Unemployment Insurance and Low-Educated Single Working, Mothers Before and After Welfare Reformedit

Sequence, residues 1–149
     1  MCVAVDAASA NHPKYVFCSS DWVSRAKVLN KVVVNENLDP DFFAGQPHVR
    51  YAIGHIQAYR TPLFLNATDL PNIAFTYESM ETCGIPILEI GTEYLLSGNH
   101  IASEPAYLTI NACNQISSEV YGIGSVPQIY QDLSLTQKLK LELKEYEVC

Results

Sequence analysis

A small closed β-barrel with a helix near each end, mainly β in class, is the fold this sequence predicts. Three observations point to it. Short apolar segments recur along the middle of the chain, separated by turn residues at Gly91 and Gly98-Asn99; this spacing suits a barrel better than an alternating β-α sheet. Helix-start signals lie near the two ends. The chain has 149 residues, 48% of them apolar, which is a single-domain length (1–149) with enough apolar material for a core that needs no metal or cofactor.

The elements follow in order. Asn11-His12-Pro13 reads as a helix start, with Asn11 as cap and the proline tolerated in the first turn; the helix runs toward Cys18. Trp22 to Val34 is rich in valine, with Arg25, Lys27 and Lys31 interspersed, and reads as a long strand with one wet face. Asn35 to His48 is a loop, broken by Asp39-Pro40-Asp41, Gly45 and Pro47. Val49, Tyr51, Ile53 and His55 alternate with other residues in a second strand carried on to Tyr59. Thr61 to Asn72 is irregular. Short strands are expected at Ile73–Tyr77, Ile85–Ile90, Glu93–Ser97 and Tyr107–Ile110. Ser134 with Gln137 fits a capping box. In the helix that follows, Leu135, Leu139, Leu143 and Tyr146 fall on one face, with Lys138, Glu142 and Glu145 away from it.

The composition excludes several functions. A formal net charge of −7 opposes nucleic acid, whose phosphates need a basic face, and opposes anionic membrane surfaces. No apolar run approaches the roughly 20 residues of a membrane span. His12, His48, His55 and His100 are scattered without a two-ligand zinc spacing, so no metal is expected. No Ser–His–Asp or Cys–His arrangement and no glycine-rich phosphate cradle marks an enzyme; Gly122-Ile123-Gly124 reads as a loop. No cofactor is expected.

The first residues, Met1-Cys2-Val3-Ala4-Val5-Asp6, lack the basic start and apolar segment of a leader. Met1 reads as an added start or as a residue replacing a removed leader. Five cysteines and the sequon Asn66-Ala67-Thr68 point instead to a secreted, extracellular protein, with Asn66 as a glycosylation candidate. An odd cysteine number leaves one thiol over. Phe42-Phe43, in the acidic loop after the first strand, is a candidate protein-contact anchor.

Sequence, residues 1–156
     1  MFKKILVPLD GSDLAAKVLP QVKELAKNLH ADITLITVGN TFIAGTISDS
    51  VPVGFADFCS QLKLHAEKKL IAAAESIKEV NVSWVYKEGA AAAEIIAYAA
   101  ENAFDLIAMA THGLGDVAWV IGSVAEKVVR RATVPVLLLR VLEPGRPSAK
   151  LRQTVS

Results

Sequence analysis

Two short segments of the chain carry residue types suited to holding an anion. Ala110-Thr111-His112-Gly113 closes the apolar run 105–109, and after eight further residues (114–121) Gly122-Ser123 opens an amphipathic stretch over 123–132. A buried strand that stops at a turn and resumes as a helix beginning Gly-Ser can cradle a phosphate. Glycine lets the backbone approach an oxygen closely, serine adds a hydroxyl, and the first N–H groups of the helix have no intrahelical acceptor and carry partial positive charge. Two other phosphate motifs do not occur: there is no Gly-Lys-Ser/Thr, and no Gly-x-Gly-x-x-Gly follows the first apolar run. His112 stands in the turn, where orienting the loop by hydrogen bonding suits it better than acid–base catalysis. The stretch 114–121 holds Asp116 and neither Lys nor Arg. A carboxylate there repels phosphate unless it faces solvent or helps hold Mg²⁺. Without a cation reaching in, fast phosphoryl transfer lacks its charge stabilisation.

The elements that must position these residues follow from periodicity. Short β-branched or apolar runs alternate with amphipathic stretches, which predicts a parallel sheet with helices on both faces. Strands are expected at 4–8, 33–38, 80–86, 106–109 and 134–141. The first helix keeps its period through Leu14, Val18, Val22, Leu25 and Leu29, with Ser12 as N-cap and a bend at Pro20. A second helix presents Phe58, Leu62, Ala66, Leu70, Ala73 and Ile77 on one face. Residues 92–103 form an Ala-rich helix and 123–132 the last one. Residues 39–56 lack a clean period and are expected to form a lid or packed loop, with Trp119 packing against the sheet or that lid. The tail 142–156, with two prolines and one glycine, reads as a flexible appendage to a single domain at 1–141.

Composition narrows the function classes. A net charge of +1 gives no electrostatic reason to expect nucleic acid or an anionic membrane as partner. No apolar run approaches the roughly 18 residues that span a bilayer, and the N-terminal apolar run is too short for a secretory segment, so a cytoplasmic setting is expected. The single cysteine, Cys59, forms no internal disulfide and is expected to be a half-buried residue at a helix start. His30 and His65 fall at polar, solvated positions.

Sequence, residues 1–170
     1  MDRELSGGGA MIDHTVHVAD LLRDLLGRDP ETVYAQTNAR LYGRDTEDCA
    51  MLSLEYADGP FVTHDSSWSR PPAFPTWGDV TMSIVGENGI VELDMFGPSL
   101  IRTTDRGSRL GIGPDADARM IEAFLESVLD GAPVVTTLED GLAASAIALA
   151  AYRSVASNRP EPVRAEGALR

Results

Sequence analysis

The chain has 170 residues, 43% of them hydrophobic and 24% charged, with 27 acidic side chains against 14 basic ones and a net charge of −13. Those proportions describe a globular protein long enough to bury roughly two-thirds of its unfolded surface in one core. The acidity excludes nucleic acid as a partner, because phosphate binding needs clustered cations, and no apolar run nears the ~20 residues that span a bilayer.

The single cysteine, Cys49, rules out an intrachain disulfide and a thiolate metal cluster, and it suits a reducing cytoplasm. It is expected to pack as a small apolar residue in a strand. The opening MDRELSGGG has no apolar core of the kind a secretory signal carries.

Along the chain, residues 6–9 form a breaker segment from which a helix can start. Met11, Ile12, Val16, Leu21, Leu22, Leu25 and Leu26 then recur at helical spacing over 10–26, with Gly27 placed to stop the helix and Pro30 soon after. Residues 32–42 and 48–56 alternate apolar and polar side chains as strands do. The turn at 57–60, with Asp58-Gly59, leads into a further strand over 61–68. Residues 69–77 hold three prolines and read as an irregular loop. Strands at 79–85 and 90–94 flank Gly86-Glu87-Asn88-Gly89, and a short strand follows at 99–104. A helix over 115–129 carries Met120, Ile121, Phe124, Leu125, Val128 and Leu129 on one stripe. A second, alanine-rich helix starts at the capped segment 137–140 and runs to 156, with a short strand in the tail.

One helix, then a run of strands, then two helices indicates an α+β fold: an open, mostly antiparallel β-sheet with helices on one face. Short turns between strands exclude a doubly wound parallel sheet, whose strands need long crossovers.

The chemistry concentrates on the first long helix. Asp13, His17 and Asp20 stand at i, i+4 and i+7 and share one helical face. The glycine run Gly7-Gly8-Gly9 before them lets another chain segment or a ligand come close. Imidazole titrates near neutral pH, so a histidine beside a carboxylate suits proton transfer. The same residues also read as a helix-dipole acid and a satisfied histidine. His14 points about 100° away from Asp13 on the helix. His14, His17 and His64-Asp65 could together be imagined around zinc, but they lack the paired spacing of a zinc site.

During the 1990s, low-educated single mothers left cash welfare and increased their labor force participation at unprecedented rates (Blank 2006). A number of factors contributed to these dramatic changes: the 1996 welfare reform, the expansion of the Earned Income Tax Credit (EITC), and the economic expansion of the late 1990s (Ellwood 2000; Meyer and Rosenbaum 2001). An important question is the extent to which increased work effort by low-educated single mothers who experience job loss has translated into increased access to unemployment insurance (UI). Spurred by recent research conducted at the Upjohn Institute that focuses on UI receipt among former TANF recipients (O’Leary and Kline 2008), the current study addresses three questions about the UI utilization of low-educated single mothers: 1) Has the large growth in labor force participation among adult single mothers since the early 1990s been accompanied by a growth in UI participation by this population when they experience a spell of unemployment? 2) Has eligibility for UI changed over time for this group, and are nonmonetary or monetary eligibility requirements now more important? 3) Has the relative importance of three major income support programs—UI, the Food Stamp Program, and cash welfare—changed for single mothers who enter a spell of unemployment?